Get ready for underwater photography
If you are thinking about delving into the world of underwater photography, it is easy to become overwhelmed with questions. In our experience, in Omega Divers in Chania, the most people jump right into technical questions. While important, technical questions are not the best place to start. This article will walk you through the first steps and questions that should be addressed as you consider becoming an underwater photographer. What Camera Should You Buy? When we talk to people who are thinking of getting into underwater photography, the first question is almost always: What kind of camera should I buy? Our answer is always the same: Don’t worry about that just yet. The camera doesn’t make the picture, the photographer does.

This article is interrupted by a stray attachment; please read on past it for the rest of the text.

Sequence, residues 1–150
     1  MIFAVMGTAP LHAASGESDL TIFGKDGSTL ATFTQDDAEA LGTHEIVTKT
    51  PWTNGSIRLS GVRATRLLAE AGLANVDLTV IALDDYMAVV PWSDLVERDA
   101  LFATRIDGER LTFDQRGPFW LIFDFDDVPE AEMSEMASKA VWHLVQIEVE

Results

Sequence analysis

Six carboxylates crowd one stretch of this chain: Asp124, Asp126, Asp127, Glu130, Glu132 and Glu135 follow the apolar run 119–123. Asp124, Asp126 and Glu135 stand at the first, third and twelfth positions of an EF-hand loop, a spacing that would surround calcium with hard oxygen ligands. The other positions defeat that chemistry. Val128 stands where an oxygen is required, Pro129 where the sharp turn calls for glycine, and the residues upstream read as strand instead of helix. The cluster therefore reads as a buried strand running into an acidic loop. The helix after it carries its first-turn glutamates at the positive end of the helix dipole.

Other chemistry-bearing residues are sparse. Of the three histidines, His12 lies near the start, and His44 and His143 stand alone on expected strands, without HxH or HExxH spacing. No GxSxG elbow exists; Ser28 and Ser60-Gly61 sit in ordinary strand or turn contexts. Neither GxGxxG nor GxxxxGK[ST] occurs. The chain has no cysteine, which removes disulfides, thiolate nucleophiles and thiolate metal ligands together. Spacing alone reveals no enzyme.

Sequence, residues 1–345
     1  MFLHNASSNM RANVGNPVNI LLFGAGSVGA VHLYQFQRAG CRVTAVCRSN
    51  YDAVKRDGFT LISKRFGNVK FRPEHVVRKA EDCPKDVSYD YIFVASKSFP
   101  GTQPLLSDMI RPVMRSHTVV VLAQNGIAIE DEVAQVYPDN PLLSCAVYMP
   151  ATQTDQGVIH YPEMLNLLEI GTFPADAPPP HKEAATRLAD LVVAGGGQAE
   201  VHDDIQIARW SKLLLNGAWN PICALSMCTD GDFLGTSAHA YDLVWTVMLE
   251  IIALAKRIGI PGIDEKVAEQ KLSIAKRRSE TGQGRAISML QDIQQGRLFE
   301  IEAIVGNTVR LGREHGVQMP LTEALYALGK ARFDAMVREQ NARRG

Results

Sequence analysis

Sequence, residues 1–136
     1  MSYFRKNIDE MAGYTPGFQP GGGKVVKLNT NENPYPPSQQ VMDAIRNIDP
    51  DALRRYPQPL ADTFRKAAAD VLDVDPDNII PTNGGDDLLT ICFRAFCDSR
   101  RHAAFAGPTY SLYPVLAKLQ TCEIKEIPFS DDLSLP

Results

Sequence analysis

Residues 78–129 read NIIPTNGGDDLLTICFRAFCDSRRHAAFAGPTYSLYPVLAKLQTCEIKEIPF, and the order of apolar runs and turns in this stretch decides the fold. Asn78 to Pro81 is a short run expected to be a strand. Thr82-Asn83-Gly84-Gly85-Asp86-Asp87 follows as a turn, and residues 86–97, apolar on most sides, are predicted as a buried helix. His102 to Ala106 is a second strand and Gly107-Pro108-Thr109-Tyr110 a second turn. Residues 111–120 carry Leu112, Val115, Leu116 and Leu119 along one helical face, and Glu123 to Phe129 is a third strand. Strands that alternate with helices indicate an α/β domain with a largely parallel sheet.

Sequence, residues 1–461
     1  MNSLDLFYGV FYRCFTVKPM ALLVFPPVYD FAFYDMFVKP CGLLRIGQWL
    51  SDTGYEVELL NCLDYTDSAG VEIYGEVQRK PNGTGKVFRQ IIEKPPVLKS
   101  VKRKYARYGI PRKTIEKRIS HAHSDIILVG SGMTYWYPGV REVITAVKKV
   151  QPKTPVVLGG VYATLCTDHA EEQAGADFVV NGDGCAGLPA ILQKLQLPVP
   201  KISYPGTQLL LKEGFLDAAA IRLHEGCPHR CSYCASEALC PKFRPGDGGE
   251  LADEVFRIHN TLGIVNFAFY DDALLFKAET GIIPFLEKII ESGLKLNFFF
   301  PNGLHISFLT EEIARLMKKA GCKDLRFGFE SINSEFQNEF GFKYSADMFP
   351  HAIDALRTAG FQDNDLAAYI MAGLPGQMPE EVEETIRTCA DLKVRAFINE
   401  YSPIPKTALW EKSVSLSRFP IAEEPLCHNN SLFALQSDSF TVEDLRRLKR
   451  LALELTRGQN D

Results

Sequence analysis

Before considering the type of underwater camera and housing to purchase, an aspiring underwater photographer should consider two main things, his preparedness and his approach to photography. Are You Prepared For Underwater Photography? Underwater photography is one of the most challenging types of photography in existence. The photographer must work within the given conditions of each dive. There is only so much a photographer can control underwater and he has a limited amount of time for each session. Additionally, working in an environment full of subjects that don’t know, or even care, that a photographer is present can make capturing the perfect shot more difficult. Preparedness is often more important to success than the type of camera. An underwater photographer who is not a proficient diver will not be successful. There are several techniques that a diver must master before placing a camera in his hands. A term I use often is non-destructive photography. Non-destructive photography means respecting the coral reef and all aquatic life. It is rule number one. As divers we need to minimize our impact on the marine environment. • Buoyancy An underwater photographer must be a master of buoyancy, both to avoid accidental contact with the reef and floor, and to obtain clear shots. There is one invaluable tool that I carry with me on every dive to help achieve this: a pointer. A pointer allows us to stabilize ourselves on the substrate without damaging any living coral. It is also very useful to prop up the camera to and steady the shot. • Kicking Techniques Practice your fin kicks. Learning to frog kick helps a diver to maintain a horizontal position and avoids kicking up sediment (which can destroy a shot) or damaging coral. This technique also allows for more fine tuned movements in the water so as not to frighten marine life away. Learning to back fin can also be of benefit, as it allows a diver to fine tune his position in the water. An underwater photographer’s diving should be second nature, and the way to achieve this is with practice. Then, and only then, is a diver prepared to arm himself with a camera and start taking photos. Don’t Stress Too Much About the Type of Camera Once a diver feels he is prepared for underwater photography, it is time to consider the type of photography equipment he will use. There are a wide variety of underwater camera models on the market, but for divers just getting into underwater photography, the truth is that the type of camera will not make a huge difference. With the proper training and enough practice, most underwater photographers can take stunning photos with even a basic camera set-up. It may be better to practice with a simple camera and basic simple techniques before spending a great deal of money on a high-end photography kit. Know Thy Camera and Housing No matter what type of camera an underwater photographer chooses, it is essential that he knows his camera and his housing inside and out. Practice taking pictures at home as much as possible with the camera inside the housing. Take the time to learn all that the camera can do, and get to know where each button on the housing is instinctively in order to be able to adjust settings efficiently and with little thought. With practice, the camera should become an extension of the photographer’s